“It was lucky that our corporate clients at that time were mostly law firms; but still, that part of business went down,” explained Ye, who said that corporate clients make up 20 percent of his business.

Now the e-hailing companies are going after the remaining 80 percent of Good Luck’s customers – individuals, many of them in the burgeoning Chinese immigrant community – with aggressive pricing campaigns.

Iris Yanbin Chen was a loyal Good Luck customer of two years’ standing who recently shifted to Uber. After receiving a $30 promo code on her first Uber ride in July, she began to share the app with her friends; once one of them tried it, she got another $30 off. The coupons proved irresistible.

“I used to call Good Luck. It’s the best deal for getting from Manhattan to the airports. Uber’s base fare is higher; but, once adding on a coupon, it’s hard to say,” said Chen, who described herself as a penny pincher.

In her case, the ride from Manhattan to JFK International Airport was priced at $37 in cash at Good Luck Car Service, with an additional 20 percent if paid with a credit card; in comparison, UberX (the company’s low-cost option) charged her only $30 after applying the $30 coupon. A medallion yellow cab charges a flat rate of $52 (plus tolls) for the ride to JFK.

Commenting on pricing comparisons, Ye said that the average rate for a pre-arranged dispatch from Good Luck is lower than Uber, and more consistent.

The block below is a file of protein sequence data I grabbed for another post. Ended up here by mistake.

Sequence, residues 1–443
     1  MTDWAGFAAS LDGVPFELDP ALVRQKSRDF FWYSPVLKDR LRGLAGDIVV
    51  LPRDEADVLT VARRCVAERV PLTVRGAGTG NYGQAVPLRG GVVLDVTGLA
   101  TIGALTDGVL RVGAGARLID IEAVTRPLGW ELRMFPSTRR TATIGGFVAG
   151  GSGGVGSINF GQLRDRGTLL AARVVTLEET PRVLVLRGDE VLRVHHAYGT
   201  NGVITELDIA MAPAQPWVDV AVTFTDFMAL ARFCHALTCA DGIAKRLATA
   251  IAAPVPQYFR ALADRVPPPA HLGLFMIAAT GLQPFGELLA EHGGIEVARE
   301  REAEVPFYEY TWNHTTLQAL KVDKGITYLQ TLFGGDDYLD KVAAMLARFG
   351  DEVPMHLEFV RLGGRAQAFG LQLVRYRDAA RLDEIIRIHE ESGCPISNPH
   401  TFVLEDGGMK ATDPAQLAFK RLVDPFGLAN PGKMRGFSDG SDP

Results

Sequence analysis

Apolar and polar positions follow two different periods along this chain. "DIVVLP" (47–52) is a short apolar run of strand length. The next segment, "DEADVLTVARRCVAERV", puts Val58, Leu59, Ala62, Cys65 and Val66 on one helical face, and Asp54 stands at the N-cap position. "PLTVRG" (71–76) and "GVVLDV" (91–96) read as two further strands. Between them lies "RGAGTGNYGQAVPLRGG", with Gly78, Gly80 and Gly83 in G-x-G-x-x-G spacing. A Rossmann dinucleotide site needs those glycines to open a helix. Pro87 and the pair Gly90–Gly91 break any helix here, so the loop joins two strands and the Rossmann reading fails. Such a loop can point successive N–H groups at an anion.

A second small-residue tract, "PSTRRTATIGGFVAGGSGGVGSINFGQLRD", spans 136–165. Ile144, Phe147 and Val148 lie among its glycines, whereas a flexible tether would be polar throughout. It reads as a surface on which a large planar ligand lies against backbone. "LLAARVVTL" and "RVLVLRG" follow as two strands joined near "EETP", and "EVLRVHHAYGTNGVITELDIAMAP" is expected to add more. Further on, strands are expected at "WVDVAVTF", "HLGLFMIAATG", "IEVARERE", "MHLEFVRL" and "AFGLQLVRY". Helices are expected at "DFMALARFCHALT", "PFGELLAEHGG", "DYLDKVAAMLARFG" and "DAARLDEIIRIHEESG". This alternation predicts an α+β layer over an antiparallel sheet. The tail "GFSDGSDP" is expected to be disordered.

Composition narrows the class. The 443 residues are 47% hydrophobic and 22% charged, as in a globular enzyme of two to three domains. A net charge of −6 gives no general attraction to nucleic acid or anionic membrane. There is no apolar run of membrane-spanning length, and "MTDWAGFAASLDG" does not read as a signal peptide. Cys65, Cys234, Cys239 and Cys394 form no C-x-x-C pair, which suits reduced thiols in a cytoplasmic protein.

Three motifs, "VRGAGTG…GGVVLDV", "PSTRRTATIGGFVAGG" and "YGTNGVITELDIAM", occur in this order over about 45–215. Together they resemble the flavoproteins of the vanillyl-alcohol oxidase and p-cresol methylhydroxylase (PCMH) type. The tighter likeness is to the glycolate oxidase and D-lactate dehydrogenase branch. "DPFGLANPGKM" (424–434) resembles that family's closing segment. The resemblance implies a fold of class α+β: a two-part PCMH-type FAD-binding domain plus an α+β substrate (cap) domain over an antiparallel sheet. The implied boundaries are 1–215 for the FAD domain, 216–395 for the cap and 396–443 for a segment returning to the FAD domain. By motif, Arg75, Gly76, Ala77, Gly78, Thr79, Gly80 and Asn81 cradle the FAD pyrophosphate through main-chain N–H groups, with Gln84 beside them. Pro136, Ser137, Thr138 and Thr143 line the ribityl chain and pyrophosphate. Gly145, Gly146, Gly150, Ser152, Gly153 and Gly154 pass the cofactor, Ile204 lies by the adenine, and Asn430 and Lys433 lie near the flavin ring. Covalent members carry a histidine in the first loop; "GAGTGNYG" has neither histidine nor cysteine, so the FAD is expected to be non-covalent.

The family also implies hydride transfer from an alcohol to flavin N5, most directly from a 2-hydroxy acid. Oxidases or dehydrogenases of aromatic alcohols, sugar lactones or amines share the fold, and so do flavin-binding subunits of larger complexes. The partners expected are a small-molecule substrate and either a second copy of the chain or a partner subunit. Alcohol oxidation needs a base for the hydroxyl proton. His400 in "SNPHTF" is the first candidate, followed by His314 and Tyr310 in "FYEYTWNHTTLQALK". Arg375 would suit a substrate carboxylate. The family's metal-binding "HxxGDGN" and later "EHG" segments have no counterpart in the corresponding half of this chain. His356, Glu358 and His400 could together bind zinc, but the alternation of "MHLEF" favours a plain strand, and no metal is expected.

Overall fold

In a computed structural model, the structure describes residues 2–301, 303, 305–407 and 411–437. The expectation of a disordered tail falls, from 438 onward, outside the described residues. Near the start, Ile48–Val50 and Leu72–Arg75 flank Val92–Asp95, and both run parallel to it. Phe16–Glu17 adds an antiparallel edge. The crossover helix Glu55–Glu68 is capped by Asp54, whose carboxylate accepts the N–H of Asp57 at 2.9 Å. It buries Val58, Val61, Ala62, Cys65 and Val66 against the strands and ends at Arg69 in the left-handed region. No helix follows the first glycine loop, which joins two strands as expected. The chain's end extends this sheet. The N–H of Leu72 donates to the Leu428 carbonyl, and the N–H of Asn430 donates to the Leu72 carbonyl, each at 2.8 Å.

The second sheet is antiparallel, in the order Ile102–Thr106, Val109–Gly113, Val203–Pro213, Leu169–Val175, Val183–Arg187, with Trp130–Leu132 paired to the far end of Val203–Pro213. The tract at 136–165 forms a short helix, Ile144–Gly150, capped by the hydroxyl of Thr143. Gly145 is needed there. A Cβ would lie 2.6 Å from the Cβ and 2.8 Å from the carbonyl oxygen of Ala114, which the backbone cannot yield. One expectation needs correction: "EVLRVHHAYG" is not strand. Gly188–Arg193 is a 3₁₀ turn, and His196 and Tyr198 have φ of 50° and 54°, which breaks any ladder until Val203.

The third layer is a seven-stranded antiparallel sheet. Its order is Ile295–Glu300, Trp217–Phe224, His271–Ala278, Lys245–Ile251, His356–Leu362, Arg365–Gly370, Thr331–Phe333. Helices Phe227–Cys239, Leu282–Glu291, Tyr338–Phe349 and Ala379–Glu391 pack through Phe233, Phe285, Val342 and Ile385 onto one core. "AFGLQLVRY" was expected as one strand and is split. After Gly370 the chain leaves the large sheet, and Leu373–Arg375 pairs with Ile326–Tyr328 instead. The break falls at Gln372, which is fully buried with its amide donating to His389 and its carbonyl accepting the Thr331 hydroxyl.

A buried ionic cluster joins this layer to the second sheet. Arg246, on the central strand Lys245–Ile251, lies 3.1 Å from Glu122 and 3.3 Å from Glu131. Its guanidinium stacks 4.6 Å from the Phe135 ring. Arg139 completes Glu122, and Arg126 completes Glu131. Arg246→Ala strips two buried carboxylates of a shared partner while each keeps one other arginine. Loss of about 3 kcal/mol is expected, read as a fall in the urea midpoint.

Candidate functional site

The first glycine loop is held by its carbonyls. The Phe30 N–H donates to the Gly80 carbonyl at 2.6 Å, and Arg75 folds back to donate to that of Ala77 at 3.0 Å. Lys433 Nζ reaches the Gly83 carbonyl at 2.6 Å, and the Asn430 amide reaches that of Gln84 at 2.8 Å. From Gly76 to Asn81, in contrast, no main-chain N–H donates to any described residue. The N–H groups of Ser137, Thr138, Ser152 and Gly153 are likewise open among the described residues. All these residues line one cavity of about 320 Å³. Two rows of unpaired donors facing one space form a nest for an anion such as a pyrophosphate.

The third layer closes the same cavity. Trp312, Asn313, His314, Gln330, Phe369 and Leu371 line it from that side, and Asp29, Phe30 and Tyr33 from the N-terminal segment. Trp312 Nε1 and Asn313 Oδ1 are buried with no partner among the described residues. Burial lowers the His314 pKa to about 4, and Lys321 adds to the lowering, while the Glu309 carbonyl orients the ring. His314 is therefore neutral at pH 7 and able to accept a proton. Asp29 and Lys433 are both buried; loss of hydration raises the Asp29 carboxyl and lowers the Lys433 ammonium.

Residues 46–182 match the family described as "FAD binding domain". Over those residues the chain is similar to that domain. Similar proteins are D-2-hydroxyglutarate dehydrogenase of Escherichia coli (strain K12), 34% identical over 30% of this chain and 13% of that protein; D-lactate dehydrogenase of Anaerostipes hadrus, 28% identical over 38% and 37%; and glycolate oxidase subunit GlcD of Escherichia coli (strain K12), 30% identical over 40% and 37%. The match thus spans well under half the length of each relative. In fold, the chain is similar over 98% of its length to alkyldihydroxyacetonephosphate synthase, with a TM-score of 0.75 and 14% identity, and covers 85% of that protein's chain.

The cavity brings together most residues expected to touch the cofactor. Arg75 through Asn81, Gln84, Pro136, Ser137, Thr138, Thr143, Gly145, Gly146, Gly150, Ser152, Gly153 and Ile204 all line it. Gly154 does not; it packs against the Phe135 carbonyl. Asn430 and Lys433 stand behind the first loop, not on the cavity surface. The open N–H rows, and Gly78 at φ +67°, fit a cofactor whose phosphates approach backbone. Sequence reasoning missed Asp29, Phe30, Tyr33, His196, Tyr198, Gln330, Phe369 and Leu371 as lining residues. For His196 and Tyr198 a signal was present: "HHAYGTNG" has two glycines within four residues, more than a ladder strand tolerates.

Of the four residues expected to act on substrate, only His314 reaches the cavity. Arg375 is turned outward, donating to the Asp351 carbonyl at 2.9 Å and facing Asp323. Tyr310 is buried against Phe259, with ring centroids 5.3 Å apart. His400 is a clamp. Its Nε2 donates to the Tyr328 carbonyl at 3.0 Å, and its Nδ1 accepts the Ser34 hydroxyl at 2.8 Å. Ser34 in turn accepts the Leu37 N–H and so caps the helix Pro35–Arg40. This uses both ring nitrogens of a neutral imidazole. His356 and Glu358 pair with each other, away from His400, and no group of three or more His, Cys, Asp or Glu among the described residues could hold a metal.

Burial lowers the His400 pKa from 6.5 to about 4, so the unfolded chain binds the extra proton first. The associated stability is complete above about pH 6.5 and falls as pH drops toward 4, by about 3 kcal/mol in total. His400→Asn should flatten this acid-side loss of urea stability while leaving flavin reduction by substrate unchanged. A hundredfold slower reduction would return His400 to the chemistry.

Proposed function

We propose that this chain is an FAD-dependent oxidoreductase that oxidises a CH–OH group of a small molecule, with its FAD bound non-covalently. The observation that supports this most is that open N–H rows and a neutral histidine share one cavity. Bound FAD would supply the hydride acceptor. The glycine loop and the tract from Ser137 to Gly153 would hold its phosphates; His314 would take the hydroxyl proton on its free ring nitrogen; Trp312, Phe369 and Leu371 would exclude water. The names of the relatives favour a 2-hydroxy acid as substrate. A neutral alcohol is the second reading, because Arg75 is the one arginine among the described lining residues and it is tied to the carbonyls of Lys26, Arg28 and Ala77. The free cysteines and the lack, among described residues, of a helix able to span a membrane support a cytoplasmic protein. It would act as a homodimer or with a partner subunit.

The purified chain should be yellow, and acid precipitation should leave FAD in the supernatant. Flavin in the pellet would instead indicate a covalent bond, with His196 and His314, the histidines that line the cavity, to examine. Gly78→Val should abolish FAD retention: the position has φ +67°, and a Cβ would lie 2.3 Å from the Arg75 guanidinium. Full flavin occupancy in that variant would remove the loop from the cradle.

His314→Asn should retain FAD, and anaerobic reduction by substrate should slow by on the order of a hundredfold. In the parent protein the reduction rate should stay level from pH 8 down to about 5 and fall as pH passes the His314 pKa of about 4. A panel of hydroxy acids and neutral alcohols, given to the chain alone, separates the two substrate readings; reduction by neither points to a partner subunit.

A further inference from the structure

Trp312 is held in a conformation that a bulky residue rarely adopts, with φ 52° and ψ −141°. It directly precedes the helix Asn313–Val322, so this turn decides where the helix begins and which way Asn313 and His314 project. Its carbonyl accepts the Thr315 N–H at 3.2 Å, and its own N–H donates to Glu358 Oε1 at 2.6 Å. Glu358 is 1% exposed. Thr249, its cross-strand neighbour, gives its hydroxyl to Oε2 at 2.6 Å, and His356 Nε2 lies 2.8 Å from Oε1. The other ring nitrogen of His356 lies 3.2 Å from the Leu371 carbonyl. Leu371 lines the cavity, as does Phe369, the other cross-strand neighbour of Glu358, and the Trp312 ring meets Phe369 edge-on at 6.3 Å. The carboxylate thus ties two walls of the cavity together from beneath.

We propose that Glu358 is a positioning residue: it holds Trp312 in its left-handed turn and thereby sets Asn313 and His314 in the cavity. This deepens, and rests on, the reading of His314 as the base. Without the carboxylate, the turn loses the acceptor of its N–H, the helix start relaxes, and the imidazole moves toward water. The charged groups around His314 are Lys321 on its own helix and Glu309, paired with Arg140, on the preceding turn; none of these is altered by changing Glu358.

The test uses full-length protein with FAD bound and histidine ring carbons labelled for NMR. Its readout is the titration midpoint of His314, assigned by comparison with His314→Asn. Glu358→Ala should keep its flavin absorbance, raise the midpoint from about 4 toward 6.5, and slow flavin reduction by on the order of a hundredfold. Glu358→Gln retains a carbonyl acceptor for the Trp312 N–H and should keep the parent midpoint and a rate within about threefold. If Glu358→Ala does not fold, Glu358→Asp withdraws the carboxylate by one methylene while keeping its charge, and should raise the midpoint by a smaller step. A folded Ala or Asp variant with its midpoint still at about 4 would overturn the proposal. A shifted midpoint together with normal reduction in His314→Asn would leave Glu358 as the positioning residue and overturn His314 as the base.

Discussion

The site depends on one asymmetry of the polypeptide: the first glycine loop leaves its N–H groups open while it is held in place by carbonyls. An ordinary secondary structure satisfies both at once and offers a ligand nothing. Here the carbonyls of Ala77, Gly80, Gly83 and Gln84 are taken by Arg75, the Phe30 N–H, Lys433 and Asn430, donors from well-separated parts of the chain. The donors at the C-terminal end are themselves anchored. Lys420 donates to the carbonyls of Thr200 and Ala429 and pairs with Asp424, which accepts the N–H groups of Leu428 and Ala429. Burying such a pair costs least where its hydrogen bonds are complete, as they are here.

During last year’s snowstorm season, a short Uber trip across town cost a staggering $132. Uber’s surge pricing means that its rates increase dramatically during rush hour, and even worse for passengers, the multiplier they are subject to is unpredictable.

New technology to go

To stop the loss of business, Good Luck is developing a mobile app of its own.

The work of dispatching rides is demanding. To organize a car service pickup via telephone, at least three calls must be made — one by the client to the dispatcher to confirm the time and address; one by the dispatcher to send the driver; and the third one by the dispatcher to the client again, to confirm and provide information about the dispatch.

Once the new technology is applied, the second and third steps can be executed directly through smartphones. Good Luck Car Service is investing $20,000 and has been in talks with four app development companies. The new product is set to be introduced in a couple of months.

“It not only means the adoption of the new technology, but also involves the updating of devices, training for 160 drivers, and a couple of rounds of advertisement on our app,” said Ye.